Workshop: "Successful Product-Line Engineering - Experiences from the Real World"

Track: Tutorial

Time: Friday 09:00 - 12:00

Location: Trifork


Product Line Engineering is a common approach to address a business with a family of related software products. Instead of having seperated development projects for each product in the family, all products are built using a shared set of core assets, such as a reference architecture and common infrastructure and domain-specific components. Key drivers for PLE are the potential cost savings due to the shared development and use of core assets, as well as an extended business case for the products in the family, for instance, by supporting their tight integration and interworking.

Successful PLE depends on many challenging factors. For instance, what are the products that are part of the product-line? What assests are considered common across all products and what assests are product-specific? Is a revolotuinary apprach better than an evolutionary approach? How can the variabilities amongst the products can be managed effectively? What processes, methods, and technologies support PLE and what properties are required for the architecture and components that form the foundation of the product-line? And what are the traps and pitfalls that can let a PLE approach fail?

In this tutorial we outline the experience made with PLE in several-real world projects, ranging from the mediacl to the industry domain. Goal is to provide practical guidance for project managers and architects facing the "PLE challenge" to help making their PLE activities an economical and technical success.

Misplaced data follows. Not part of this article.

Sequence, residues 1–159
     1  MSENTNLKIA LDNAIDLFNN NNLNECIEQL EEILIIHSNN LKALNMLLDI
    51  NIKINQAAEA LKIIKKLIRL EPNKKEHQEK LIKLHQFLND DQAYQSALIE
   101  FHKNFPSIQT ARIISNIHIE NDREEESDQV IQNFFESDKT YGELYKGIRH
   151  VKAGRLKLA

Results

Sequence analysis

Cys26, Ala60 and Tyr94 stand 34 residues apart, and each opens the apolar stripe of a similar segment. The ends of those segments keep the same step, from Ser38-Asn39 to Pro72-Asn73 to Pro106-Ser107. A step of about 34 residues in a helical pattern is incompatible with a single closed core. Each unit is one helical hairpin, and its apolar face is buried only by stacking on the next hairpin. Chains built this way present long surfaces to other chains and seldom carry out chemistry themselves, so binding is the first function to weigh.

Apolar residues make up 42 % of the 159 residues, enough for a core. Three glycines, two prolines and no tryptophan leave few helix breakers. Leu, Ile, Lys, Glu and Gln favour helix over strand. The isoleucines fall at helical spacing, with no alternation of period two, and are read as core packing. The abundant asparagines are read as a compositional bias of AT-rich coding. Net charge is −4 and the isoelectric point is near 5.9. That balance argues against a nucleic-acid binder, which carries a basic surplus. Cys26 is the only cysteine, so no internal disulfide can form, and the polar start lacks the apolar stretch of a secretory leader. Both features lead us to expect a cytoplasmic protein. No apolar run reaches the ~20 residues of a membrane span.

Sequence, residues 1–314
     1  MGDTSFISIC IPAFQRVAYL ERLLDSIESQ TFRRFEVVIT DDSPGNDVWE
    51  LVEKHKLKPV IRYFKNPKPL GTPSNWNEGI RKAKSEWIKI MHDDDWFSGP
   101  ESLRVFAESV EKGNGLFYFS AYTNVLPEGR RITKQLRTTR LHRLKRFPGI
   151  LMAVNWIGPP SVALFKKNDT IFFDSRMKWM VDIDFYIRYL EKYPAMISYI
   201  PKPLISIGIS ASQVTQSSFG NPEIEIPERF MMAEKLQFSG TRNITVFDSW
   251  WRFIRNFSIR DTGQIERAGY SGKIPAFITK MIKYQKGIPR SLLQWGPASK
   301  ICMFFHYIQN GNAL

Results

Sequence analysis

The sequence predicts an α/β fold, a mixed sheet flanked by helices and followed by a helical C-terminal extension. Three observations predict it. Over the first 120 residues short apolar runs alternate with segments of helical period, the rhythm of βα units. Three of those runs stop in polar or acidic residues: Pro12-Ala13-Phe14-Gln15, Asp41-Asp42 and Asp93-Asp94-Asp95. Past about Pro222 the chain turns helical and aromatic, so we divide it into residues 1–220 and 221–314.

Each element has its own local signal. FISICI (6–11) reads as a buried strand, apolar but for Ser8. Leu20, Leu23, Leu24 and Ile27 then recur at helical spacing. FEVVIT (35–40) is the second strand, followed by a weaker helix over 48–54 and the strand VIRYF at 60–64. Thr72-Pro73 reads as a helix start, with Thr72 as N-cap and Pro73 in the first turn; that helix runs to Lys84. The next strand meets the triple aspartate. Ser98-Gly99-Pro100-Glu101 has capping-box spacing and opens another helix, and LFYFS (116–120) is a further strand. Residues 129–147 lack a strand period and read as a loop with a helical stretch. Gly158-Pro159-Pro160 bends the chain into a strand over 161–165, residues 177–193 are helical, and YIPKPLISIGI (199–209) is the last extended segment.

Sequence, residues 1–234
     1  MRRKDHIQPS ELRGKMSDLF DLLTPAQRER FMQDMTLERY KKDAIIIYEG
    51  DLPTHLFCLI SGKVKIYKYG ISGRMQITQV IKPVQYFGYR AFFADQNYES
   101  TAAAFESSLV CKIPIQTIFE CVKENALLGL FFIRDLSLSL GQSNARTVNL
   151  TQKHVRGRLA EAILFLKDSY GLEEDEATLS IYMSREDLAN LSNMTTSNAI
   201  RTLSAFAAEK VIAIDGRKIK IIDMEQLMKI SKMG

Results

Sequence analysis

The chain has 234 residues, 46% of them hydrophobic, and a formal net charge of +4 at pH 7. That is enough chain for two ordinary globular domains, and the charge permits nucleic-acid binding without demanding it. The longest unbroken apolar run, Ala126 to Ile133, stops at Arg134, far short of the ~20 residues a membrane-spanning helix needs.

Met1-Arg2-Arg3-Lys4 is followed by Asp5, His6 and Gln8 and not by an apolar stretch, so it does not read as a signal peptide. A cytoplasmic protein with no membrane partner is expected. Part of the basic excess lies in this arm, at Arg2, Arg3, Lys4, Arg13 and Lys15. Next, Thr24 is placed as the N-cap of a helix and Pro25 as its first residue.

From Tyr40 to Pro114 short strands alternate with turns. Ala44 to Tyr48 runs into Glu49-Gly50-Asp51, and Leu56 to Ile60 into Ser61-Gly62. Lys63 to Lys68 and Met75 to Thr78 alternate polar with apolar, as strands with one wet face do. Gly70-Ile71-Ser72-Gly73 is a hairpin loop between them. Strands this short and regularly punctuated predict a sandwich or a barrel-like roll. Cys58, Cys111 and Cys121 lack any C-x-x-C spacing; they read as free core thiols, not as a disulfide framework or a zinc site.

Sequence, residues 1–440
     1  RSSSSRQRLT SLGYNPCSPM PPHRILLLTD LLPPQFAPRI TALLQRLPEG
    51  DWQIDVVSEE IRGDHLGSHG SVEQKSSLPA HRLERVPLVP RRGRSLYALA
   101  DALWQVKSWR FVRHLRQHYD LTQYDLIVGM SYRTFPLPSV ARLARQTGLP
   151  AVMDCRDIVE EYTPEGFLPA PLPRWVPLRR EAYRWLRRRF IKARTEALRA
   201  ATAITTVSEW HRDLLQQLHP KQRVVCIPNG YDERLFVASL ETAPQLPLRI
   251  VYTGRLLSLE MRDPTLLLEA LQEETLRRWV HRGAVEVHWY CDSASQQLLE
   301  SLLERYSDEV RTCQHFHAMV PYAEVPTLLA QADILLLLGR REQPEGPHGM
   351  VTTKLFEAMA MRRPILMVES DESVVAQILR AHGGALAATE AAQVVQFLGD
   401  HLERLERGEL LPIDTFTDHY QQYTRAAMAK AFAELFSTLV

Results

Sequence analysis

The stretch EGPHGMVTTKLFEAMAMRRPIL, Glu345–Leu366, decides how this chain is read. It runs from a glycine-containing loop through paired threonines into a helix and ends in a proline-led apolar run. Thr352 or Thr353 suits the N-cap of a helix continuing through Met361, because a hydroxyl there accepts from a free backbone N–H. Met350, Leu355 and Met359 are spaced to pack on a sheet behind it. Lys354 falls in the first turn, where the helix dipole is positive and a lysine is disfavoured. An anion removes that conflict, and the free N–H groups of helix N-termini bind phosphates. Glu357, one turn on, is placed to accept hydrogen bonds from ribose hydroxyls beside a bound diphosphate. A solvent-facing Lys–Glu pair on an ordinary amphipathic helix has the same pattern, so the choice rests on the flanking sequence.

Level: intermediate

Target audience: project managers, software architects 


Frank Buschmann, Track Host, Principal Architect at Siemens Corporate Technology

 Frank  Buschmann

Frank Buschmann is a Principal Architect at Siemens Corporate Technology in Munich. In this position Frank is involved in, or responsible for, the definition and realization of software architectures for platforms, product lines, and large-scale distributed systems. Frank also serves as architecture reviewer, expert mentor of architects and architecture teams, and supports his division Software and Engineering in recruiting, project acquisition, and technological direction.

Frank's research interests include Platform- and Product-Line rchitectures, Software Architectures for Parallel Computing, Model-Driven Software Development, and specifically Patterns. In his development work, Frank has lead the design and implementation of several large-scale industrial software projects, including business information, industrial automation, and telecommunication systems.

Frank is co-author of four volumes of the "Pattern-Oriented Software Architecture" published by John Wiley & Sons.